Being a REAL “Community Champion” and the Order of the British Empire

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  • To award or not to award?
  • Is the Queen’s New Year’s honours list “fit for purpose”?
  • Is it too archaic?
  • Does it reflect well on the real achievements of our “Community Champions”?

I must admit that I don’t usually pay too much attention to the Queen’s New Year’s honours list. This year was a bit different mainly because a former Prime Minister, Tony Blair, was chosen by the Queen for the knighthood. Not surprisingly, in a couple of days, more than 500,000 people have signed the petition to revoke his knighthood. Some of these calls were driven by families, whose members lost their loved ones during the war in Iraq.

In political terms, Mr Blair has been a very successful politician. He was a Prime Minister, undoubtedly one of the hardest jobs in the land, for 10 years (1997-2007). In a way, I should be grateful to Tony Blair as it was he who allowed Poles and other Eastern European nationals to come to Britain since the largest enlargement of the EU in 2004.

However, in my view he lost political integrity and credibility when he decided to support the invasion of Iraq. Since leaving the office, he has travelled globally to give talks on a wide range of issues. I found it staggering that he was supposed to be giving a speech on how to feed the poor in Sweden in 2015. This was dropped for a simple reason; Mr Blair’s fees were too high (£330,000!).

In my opinion, I am not sure whether people who are paid to do a particular job, even if they do it very well, should be receiving a knighthood. For me an example of someone who deserves recognition is Marcus Rashford, who didn’t get an MBE for his fantastic football skills but for  additional (and exceptional!) work that he has been doing to support vulnerable children.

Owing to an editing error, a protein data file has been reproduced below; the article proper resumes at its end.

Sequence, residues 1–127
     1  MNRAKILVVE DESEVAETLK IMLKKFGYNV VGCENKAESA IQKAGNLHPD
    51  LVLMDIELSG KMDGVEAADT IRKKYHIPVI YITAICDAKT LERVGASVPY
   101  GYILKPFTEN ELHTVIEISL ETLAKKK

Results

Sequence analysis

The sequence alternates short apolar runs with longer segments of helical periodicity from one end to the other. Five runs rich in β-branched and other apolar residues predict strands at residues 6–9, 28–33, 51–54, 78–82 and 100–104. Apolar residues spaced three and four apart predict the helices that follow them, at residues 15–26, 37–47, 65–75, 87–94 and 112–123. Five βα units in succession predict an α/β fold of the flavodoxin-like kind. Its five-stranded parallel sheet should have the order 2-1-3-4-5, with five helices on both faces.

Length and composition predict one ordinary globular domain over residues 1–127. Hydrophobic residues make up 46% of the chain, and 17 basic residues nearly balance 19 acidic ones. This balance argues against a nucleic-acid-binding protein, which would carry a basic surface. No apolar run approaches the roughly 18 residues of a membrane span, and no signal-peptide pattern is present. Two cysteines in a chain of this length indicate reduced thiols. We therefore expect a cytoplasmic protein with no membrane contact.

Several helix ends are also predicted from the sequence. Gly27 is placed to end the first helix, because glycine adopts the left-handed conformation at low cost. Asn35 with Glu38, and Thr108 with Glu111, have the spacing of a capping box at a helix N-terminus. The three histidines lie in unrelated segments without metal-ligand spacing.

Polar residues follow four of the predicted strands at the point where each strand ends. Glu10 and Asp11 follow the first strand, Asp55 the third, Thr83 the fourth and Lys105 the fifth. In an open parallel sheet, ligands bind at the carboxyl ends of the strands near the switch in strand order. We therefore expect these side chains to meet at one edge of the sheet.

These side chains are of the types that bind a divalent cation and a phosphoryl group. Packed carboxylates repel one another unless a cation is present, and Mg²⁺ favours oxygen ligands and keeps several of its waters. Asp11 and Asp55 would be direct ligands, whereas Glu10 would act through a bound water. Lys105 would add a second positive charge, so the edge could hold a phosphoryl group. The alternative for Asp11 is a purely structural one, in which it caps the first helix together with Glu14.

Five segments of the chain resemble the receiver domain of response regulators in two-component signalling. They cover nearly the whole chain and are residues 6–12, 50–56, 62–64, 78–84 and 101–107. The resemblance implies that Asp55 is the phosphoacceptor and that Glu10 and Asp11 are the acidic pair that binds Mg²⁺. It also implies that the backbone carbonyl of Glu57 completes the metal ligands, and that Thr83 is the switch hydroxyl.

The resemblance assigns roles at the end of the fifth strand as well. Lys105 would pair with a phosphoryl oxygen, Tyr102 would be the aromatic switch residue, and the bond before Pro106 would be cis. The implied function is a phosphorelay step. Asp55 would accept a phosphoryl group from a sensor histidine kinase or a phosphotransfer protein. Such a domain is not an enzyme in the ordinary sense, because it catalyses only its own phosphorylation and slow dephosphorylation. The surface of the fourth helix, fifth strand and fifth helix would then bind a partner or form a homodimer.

Finally, I am so happy that the Queen’s New Year Honour list includes two youngest recipients; Tobias Weller (11) and Max Woosey (12), who are inspirational heroes! Tobias, who has cerebral palsy and autism, raised an amazing £157,000 for The Children’s Hospital Charity as well as his special educational needs school. Max raised £570,000 for North Devon Hospice by spending every night in a tent since 28th March 2020.

In conclusion; it is NOT about our personal status, social or political background. We are ALL called to make a difference and enhance our communities. It is not even about some sort of “recognition”. Our skills and talents, as selfless acts of support and generosity, can truly transform many lives! We all have a lot to give!